There’s another aspect of an irritated nerve that is only now being appreciated, they cause nasty chemicals to dump into a joint, leading to more arthritis. A normal joint is an environment where a carefully coordinated chemical symphony assists the cells in the joint in staying healthy and active. An angry nerve that goes to a joint causes this chemical balance to go awry, leading to the joint not being able to keep up with its own maintenance. Like a large screech in the middle of that beautiful music.
3. Chronic tightness in muscles that keeps returning-Are you that person who’s always stretching their hamstrings or other muscle and while it may relax for a while, the next time you work out it’s tight all over again? What causes this and why is it a big deal?
Most people who have this problem are taught stretches, or get the area massaged out. Many of them use a foam roller on areas like the hamstrings or side of the thigh (ITB or ilio-tibial band). They get told by athletic trainers, personal trainers, massage therapists, or physical therapists that it’s just a tight muscle that they need to stretch. If that’s the case, why only this muscle and why does it keep coming back? The answer is that the nerves in the spine that supply this muscle are irritated. While we doctors invented terms like “nerve” and “muscle” to describe the different structures we saw during anatomy class, to the body there is little difference between the nerve and the muscle it supplies- they are all one thing. So when the nerve is pissed off; so is the muscle.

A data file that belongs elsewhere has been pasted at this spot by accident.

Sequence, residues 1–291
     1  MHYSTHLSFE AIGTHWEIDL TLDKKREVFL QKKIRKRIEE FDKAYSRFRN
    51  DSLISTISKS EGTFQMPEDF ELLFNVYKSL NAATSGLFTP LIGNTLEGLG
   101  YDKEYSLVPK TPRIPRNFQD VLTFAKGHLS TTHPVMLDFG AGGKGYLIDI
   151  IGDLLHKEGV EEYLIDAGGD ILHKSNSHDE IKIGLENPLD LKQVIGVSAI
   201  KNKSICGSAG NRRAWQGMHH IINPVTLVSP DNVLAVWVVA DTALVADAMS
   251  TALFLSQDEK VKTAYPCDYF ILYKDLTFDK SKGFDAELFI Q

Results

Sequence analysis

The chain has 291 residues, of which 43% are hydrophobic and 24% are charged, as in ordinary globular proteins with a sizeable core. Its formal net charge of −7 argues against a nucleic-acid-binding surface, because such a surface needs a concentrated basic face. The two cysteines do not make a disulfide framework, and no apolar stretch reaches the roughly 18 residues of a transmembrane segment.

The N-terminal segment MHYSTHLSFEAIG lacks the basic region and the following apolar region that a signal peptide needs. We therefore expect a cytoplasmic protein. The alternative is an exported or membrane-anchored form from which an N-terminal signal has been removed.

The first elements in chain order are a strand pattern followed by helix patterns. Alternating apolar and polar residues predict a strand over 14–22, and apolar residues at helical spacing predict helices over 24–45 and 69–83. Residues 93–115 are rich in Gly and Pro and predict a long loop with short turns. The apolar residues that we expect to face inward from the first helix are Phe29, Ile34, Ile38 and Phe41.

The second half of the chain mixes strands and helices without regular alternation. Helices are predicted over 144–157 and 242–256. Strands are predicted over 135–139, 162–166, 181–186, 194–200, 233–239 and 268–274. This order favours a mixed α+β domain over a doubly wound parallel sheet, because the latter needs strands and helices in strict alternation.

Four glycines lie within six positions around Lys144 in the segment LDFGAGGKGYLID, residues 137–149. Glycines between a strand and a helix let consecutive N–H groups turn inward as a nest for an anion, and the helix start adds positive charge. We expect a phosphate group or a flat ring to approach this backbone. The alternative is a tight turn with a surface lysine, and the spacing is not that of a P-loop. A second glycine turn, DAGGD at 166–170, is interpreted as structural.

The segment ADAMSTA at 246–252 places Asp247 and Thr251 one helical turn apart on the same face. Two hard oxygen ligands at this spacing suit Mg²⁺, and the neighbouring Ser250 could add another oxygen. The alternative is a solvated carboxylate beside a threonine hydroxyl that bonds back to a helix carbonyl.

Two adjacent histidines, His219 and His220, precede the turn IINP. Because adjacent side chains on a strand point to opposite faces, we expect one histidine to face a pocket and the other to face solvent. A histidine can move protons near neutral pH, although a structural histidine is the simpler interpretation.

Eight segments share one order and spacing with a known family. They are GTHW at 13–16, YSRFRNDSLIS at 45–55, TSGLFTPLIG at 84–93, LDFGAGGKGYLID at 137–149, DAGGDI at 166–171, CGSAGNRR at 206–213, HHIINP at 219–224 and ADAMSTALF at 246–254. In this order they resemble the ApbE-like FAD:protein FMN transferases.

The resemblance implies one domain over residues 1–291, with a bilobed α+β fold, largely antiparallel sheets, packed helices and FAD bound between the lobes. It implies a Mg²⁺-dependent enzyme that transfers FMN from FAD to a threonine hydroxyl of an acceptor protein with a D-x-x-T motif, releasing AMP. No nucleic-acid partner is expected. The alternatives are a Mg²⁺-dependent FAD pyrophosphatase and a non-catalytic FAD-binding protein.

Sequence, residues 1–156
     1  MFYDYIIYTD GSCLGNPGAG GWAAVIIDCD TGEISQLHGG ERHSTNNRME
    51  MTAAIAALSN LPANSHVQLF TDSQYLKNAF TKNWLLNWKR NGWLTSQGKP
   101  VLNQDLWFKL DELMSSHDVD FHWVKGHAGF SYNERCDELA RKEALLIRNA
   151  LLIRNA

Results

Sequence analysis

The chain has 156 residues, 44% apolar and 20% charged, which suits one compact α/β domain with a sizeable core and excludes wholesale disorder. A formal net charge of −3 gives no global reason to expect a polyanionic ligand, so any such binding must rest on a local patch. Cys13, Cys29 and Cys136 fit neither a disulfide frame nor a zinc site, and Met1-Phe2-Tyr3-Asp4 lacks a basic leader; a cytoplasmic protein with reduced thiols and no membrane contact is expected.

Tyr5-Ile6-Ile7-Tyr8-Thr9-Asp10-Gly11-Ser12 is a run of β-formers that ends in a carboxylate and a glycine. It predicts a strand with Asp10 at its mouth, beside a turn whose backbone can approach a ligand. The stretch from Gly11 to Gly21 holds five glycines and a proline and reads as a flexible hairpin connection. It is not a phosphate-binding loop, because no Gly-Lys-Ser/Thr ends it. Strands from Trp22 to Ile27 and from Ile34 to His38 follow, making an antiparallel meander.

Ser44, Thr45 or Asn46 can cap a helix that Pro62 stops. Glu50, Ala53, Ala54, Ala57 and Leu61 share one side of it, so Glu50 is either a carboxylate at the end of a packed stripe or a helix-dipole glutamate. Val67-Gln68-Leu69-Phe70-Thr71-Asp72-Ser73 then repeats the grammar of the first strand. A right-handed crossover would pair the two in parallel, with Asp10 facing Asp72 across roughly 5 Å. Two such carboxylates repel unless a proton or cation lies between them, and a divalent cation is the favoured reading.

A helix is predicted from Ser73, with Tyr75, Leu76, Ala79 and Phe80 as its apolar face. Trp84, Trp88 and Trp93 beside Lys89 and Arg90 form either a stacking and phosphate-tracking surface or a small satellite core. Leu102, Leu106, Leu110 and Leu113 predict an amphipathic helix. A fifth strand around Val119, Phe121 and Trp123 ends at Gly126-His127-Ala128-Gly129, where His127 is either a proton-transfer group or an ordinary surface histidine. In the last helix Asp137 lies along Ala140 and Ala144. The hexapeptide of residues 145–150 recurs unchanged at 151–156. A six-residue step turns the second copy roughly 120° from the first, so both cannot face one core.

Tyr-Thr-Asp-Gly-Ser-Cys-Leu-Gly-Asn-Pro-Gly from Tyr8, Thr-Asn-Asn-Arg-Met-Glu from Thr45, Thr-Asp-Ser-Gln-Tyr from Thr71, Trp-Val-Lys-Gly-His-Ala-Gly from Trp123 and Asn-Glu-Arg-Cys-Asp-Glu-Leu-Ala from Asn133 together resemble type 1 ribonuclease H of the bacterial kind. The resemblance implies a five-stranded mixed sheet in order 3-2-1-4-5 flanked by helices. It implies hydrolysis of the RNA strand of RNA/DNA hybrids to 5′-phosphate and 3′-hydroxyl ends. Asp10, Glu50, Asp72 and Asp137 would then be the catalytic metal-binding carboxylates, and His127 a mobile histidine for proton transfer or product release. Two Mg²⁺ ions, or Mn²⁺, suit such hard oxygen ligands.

These chronically tight muscles cause other issues, such as parts of the body that don’t move normally. For example, we’d all accept at face value that if an old car had parts that should be flexible that weren’t that other parts connected to them would get worn out faster, for some reason patients often can’t conceptualize this in the body. In the case of chronically tight muscles, the tendons on either end that attach to bone tend to get overloaded and start to get degenerative as we age. So for example, chronically tight hamstrings can become pain behind the knee, where the hamstrings muscle attaches. Or a chronically tight calf can become an Achilles tendon tear.
4. Asymmetry-Your body was built to operate at its best only one way-symmetrical. This means that the left/right and front/back balance is equal. If you have something like scoliosis (a curve in the spine), you know you’re not balanced. However, most people have areas that aren’t equal side to side and don’t know it. However, small differences here can turn into huge issues over time.
For example, range of motion is an area people don’t notice. For example, do both hips rotate outward and inward to the same amount, or are they different? If one hip doesn’t move as much in a certain direction, your body weight is being placed over a small area of the cartilage of the joint. This means that this hip will likely get arthritic more quickly as you age.